If a program costs something on a trusted site but is free somewhere else, there’s something suspicious going on
Have you ever downloaded a program you needed, only to realize that it’s actually something else? And then had your antivirus software flag it? It can be confusing and upsetting to fall for a deceptive installer — and the Avast Threat Labs can help you learn how to avoid them.
When you fall for a deceptive installer, you get malware or software you didn’t expect, instead of what you thought you were getting. Fortunately, in addition to the protections that Avast provides you, there are ways you can spot deceptive installers and prevent this from happening altogether. Here are tips from our researchers based on what we’ve seen.
Let’s walk through the process with this example of a game that’s available on a well-known, global gaming site for three Euro (a little over three dollars).
However, if you go to an unofficial download site, they’re offering you that same game for free, as shown below.
This should be your first clue that there is something fishy on this download portal: As a rule if a game or program costs something on a well-known, trusted site but is free somewhere else, it’s likely not really free. There’s something suspicious going on.
In this example, if you click on the download button you’re taken to a download page, like below, with the game in question (along with other games) available for “free” download.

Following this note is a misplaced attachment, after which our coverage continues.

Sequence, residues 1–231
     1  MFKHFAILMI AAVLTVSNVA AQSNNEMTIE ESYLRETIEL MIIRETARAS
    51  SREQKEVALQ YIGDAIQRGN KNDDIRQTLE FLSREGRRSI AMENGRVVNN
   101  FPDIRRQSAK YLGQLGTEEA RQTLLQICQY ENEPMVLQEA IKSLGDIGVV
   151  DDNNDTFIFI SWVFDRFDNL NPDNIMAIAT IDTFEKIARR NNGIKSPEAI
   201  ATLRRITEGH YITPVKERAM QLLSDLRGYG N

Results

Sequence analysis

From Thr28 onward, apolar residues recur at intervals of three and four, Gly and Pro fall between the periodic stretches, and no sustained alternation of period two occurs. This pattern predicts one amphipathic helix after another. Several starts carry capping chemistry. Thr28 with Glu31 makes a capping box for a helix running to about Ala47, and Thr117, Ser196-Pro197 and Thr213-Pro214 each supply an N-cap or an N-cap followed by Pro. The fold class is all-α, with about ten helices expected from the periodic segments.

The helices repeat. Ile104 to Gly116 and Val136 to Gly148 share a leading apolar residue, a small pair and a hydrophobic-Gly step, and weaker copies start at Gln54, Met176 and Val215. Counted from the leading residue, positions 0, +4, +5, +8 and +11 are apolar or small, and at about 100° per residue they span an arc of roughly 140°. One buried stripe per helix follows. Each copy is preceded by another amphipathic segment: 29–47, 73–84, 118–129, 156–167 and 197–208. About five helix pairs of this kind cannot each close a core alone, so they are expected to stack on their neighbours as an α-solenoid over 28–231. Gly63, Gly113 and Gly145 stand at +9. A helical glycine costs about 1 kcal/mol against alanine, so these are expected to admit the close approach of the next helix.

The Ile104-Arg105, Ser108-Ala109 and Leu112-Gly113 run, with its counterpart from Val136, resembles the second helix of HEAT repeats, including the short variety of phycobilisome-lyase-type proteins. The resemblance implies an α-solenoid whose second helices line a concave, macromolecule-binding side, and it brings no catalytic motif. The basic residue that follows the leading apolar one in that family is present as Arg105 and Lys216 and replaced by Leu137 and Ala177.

Here comes another clue to help you spot fakes: the file names of the downloads follow a pattern of: <name_of_the_program>_number.exe.
It’s highly unusual for legitimate games or programs to use filenames like this. Specifically, most legitimate games or programs won’t have “_number” in their file names.
In fact, when we looked at all the files on this page:
Pimp My Car GTA San Andreas_86021.exe
GTA IV Parche_30429.exe
Death and the Fly_72819.exe
Death From Above_52193.exe
We found that they were all actually the same file by using a tool to digitally check the actual file contents. This tool generates a “hash” which is essentially a fingerprint of the file and, as you can see below, all of these files have the same hash. The only thing different is the file name.
d1d6ae7b9db5d9981f47f089bf4f1faeddf9a9777847adfcd3f7de4f86067c48 *Pimp My Car GTA San Andreas_86021.exe
d1d6ae7b9db5d9981f47f089bf4f1faeddf9a9777847adfcd3f7de4f86067c48 *GTA IV Parche_30429.exe
d1d6ae7b9db5d9981f47f089bf4f1faeddf9a9777847adfcd3f7de4f86067c48 *Death and the Fly_72819.exe
d1d6ae7b9db5d9981f47f089bf4f1faeddf9a9777847adfcd3f7de4f86067c48 *Death From Above_52193.exe